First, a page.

In a much-discussed “comedy gig” on “And Just Like That…,” HBO’s “Sex and the City” sequel series, much-discussed character Che Diaz tells his coming-out story to members of his family.
“I stood up in the living room and was like, ‘Family, I love you and I just want you to know that I’m queer, non-binary, and bisexual,'” Che told the audience with a serious face, before breaking into a broad smile. “And they were like, ‘That’s good, can you move? You’re blocking the game.’
The track was similar to how Sara Ramirez, the actor who plays Che (and who, like Che, is non-binary and uses singular pronouns), came out to their family as bisexual – except that a “Harry Potter” movie was on the television instead of sports.
The writers of “And Just Like That…” didn’t take much else from Ramirez’s life, the actor said in a recent interview. Aside from the character’s hairstyle (a clean cut) and his ethnicity (Mexican and Irish American), “I don’t recognize myself in Che,” Ramirez said.
A cocky, fast-paced comic that employs Carrie Bradshaw (Sarah Jessica Parker) on a gender and sex podcast, Che is often a conduit for the show’s original girl group (minus one) to learn more about the new cultural practices in New York City. young progressives: pronouns, sex positivity and shotgun weed, to name a few. More importantly, Che inspires Miranda (Cynthia Nixon) to explore her sexuality.
The show, which will release its season finale on Thursday, has been critical for his rough handling of identity issues and for the occasional clumsiness of its efforts to diversify the mostly white, straight original series. (New York Times reviewer Maya Phillips called these attempts “commendable but superficial.”)
Che has been a popular target of such complaints. A critic, writing in Them, an LGBTQ news and culture website, said the character read like a “caricature” meant to “gather Diversity Wins.” The daily beast went further, calling Che “unbalanced” and “the worst character on TV”. On social media, viewers groaned at Che’s “wake-up moment”! button, a podcast prop and sometimes stuffy dialogue. (“DM me if you want to relax again soon, okay?” Che says to Miranda in a pivotal scene.)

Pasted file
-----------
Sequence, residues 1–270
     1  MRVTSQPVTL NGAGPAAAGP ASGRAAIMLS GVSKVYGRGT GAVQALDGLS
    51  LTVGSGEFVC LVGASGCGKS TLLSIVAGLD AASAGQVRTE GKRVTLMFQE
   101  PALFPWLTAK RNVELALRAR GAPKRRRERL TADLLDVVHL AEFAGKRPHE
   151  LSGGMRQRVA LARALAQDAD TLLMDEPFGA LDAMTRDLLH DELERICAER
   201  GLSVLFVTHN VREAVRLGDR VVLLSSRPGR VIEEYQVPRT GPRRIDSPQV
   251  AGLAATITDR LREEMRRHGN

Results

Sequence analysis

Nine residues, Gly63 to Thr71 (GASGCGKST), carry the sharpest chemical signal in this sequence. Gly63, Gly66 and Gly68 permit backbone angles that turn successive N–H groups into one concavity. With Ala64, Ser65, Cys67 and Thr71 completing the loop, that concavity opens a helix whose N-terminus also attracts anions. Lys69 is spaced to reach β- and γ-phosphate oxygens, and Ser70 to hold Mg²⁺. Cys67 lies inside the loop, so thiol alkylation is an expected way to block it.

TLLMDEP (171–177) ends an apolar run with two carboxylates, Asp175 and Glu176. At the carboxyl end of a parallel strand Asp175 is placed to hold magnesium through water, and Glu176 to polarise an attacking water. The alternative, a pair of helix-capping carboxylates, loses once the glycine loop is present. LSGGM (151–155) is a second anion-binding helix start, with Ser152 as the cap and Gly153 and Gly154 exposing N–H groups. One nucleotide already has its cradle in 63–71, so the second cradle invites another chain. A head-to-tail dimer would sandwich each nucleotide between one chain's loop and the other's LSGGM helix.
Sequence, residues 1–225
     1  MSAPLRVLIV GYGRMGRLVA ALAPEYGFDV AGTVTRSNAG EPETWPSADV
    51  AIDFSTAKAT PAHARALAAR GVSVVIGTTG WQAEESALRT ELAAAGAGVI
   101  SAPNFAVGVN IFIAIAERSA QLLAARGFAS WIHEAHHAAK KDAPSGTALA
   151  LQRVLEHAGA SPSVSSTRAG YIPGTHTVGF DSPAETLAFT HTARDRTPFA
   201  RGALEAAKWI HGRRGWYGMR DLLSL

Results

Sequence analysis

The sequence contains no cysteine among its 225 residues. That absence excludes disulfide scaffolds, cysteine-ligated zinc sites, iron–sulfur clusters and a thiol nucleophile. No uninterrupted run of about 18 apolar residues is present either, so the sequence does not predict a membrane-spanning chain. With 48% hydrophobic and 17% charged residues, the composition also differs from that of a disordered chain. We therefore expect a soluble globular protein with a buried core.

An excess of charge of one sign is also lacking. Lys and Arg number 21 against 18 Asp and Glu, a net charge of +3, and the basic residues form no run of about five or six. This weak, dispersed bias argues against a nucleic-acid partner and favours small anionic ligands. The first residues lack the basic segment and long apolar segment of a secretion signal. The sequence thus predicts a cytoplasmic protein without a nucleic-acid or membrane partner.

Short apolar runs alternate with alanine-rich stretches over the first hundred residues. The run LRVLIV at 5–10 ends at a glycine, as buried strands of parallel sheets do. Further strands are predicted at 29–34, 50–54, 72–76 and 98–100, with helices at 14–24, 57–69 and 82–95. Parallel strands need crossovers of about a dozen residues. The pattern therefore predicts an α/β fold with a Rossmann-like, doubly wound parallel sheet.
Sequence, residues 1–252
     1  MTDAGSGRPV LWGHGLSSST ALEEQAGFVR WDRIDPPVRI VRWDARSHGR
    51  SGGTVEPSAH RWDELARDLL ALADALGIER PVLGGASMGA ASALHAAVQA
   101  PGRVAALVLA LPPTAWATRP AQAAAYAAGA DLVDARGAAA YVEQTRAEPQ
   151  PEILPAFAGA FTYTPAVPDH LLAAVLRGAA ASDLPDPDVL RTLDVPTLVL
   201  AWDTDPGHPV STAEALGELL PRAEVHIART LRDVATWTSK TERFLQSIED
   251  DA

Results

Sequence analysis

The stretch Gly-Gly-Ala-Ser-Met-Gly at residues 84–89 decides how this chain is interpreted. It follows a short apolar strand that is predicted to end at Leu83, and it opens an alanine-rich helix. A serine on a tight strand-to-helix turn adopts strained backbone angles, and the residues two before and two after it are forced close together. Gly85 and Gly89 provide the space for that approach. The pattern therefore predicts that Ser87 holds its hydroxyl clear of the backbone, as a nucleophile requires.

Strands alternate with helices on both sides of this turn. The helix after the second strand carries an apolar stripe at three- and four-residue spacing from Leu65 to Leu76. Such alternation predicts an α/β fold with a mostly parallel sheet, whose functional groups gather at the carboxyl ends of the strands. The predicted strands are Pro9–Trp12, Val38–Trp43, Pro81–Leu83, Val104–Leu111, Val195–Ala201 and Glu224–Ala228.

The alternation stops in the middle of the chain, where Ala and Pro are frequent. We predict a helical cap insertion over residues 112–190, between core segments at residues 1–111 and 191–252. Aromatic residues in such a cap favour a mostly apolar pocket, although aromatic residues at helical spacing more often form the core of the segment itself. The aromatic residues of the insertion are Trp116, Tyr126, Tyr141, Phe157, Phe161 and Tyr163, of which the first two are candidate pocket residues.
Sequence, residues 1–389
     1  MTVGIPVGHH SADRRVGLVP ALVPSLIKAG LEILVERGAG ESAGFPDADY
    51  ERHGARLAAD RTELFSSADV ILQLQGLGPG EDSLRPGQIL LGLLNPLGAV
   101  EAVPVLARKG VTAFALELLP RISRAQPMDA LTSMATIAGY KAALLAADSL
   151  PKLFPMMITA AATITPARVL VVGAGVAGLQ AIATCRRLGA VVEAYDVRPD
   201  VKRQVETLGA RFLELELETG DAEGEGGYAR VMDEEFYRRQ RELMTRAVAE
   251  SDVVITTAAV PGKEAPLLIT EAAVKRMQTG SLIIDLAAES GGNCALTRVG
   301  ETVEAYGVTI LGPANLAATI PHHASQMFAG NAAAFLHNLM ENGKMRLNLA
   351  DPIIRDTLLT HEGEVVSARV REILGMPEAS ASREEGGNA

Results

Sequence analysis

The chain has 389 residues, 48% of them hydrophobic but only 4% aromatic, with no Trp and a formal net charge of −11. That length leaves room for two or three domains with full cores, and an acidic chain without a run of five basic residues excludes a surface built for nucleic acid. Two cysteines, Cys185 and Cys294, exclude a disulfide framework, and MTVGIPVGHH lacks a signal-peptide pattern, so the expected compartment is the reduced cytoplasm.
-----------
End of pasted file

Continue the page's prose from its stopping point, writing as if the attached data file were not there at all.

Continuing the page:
Others have defended the character, arguing for the importance of a non-binary person on the show and wondering why so many people were piling on Che, in particular. “People have a real problem with gender non-conforming individuals,” the interpreter Lea DeLaria told the New York Post, adding, “I don’t think it’s the show’s fault. I think it’s the public’s fault.
Speaking via video chat from New York, Ramirez, 46, said they had grown accustomed to playing roles that draw criticism and debate. For example, the sexuality of Dr. Callie Torres, the tireless orthopedic surgeon whom Ramirez played in Shonda Rhimes’ medical drama “Grey’s Anatomy” from 2006 to 2016, was vigorously dissected by fans of the show.
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Ramirez – who was born in Mazatlán, Mexico, and was sent to live in the United States at age 7 after their parents divorced – graduated from Juilliard in 1997 and quickly landed theater roles (the Broadway musical “The Capeman”), in cinema (the romantic comedy “You’ve Got Mail”) and television (the soap opera “As the World Turns”). Ramirez joined ‘Grey’s’ shortly after winning a Tony Award in 2005 for playing the Lady of the Lake in the Broadway production of “Spamalot”.
It wasn’t until after Ramirez left “Grey’s” that they publicly came out as bisexual and then, four years later, as non-binary. In an interview, the actor discussed the appeal of the original “Sex and the City,” viewer reactions to Che Diaz, and the pressure of coming out on TV before doing it in real life. These are edited excerpts from the conversation.
You were in your early twenties when “Sex and the City” premiered in 1998. What were your impressions of the show?
I had just graduated from Juilliard. I was working professionally as an actor and falling in love with New York. So it was a perfect show. I enjoyed the focus on friendships, the power of friendships and the power of personal purpose as well as female sexual empowerment.